From the Harvard Gazette:
Research Also Shows People Who Eat Nuts Weigh Less
According to the largest study of its kind, people who ate a daily handful of nuts were 20 percent less likely to die from any cause over a 30-year period than those who didn’t consume nuts, say scientists from the Harvard-affiliated Dana-Farber Cancer Institute and Brigham and Women’s Hospital, and the Harvard School of Public Health.
Their report, published in the New England Journal of Medicine,contains further good news: The regular nut-eaters were found to be more slender than those who didn’t eat nuts, a finding that should alleviate fears that eating a lot of nuts will lead to overweight.
The report also looked at the protective effect on specific causes of death.
“The most obvious benefit was a reduction of 29 percent in deaths from heart disease — the major killer of people in America,” said Charles S. Fuchs, director of the Gastrointestinal Cancer Treatment Center at Dana-Farber, who is the senior author of the report and a professor of medicine at Harvard Medical School.
“But we also saw a significant reduction — 11 percent — in the risk of dying from cancer,” added Fuchs, who is also affiliated with the Channing Division of Network Medicine at Brigham and Women’s.
Whether any specific type or types of nuts were crucial to the protective effect could not be determined. However, the reduction in mortality was similar both for peanuts (a legume, or ground nut) and for tree nuts — walnuts, hazelnuts, almonds, Brazil nuts, cashews, macadamias, pecans, pistachios, and pine nuts.
Several previous studies had found an association between increasing nut consumption and a lower risk of diseases such as heart disease, type 2 diabetes, colon cancer, gallstones, and diverticulitis. Higher nut consumption also has been linked to reductions in cholesterol levels, oxidative stress, inflammation, adiposity, and insulin resistance. Some small studies have linked an increase of nuts in the diet to lower total mortality in specific populations. But no previous research studies had looked in such detail at various levels of nut consumption and their effects on overall mortality in a large population that was followed for more than 30 years.
For the new research, the scientists were able to tap databases from two well-known, ongoing observational studies that collect data on diet and other lifestyle factors and various health outcomes. The Nurses’ Health Study provided data on 76,464 women between 1980 and 2010, and the Health Professionals’ Follow-Up Study yielded data on 42,498 men from 1986 to 2010. Participants in the studies filled out detailed food questionnaires every two to four years. With each questionnaire, participants were asked to estimate how often they consumed nuts in a serving size of one ounce. A typical small packet of peanuts from a vending machine contains one ounce.
Sophisticated data analysis methods were used to rule out other factors that might have accounted for the mortality benefits. For example, the researchers found that individuals who ate more nuts were leaner, less likely to smoke, and more likely to exercise, use multivitamin supplements, consume more fruits and vegetables, and drink more alcohol. However, analysis was able to isolate the association between nuts and mortality independently of these other factors.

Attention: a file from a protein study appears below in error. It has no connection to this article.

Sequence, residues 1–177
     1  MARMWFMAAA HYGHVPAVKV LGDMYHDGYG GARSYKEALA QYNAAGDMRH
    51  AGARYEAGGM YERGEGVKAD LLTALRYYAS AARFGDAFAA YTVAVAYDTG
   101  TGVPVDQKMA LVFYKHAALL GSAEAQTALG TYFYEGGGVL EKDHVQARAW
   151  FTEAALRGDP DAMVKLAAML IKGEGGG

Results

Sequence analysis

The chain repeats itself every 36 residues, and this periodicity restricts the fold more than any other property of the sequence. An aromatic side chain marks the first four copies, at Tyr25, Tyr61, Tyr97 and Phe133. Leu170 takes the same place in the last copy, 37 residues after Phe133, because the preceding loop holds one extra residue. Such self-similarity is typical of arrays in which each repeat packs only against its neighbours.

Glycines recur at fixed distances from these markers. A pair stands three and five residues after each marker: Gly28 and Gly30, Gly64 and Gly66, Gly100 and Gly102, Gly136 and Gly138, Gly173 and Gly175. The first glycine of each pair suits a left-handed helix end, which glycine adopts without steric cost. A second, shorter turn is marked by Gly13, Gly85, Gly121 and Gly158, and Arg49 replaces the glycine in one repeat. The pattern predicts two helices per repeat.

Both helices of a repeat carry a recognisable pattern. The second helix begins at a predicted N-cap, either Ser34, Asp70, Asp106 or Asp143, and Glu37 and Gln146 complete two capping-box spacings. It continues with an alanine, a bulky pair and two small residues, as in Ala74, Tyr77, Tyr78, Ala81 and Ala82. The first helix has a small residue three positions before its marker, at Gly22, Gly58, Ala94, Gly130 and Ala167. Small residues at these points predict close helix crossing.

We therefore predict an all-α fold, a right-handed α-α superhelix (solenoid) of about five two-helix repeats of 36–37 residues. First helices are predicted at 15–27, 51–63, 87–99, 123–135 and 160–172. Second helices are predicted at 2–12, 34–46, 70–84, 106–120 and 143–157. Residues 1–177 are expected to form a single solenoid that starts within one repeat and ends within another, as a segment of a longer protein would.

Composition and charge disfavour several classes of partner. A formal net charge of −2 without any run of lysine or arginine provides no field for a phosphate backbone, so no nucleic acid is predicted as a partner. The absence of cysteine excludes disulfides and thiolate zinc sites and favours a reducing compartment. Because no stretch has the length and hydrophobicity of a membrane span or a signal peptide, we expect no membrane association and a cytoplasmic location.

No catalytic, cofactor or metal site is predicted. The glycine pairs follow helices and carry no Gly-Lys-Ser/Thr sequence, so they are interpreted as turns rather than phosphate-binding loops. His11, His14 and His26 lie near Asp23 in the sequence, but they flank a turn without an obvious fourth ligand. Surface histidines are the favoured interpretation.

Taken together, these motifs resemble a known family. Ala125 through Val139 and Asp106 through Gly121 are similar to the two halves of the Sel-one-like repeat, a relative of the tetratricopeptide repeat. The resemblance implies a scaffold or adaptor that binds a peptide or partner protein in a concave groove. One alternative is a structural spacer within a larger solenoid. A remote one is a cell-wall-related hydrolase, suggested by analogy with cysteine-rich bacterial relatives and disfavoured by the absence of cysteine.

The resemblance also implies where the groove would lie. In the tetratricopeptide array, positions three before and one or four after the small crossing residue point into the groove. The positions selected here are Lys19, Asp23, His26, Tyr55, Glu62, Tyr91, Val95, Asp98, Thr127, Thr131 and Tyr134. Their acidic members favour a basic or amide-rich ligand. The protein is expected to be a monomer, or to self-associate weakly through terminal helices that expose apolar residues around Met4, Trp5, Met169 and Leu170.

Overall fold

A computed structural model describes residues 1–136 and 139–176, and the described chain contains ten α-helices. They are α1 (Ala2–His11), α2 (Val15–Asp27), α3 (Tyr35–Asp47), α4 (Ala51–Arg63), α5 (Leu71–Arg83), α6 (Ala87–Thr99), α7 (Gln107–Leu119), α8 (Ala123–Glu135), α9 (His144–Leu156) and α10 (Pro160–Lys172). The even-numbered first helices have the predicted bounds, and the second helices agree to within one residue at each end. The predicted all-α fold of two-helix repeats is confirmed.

“In all these analyses, the more nuts people ate, the less likely they were to die over the 30-year follow-up period,” explained Ying Bao of Brigham and Women’s Hospital, first author of the report. Those who ate nuts less than once a week had a 7 percent reduction in mortality; once a week, 11 percent reduction; two to four times per week, 13 percent reduction; five to six times per week, 15 percent reduction; and seven or more times a week, a 20 percent reduction in death rate.
The authors noted that this large study cannot definitively prove cause and effect; nonetheless, the findings are strongly consistent with “a wealth of existing observational and clinical trial data to support health benefits of nut consumption on many chronic diseases.” In fact, based on previous studies, the U.S. Food and Drug Administration concluded in 2003 that eating 1½ ounces per day of most nuts “may reduce the risk of heart disease.”
The study was supported by National Institutes of Health and a research grant from the International Tree Nut Council Nutrition Research & Education Foundation.
Nuts For Nutrition
Nut Butter Primer
5 nutritious varieties & recipe ideas
February 27, 2013
For decades, consumers shunned the nut section of grocery stores, scared off by nuts’ high calorie and fat content. But ongoing research has revealed the truth about them. While nuts are high in fats, many of them contain good fats — the kind that actually help your body — in addition to a plentiful selection of vitamins and minerals.
So next time you find yourself heading for the chip aisle, stop in the nut section instead and pick up some of nature’s most versatile treats. Here, we showcase five healthy nut varieties we love.
An all-star nut, almonds offer a host of health benefits. Their potent combination of monounsaturated fats, vitamin E and magnesium lowers bad cholesterol, reduces the risk of heart disease and improves the flow of blood and oxygen throughout the body. Eat ‘em whole with the skins on for maximum effect.
Recipe riff: Incorporate chopped almonds (as well as other nuts of choice) when making homemade granola.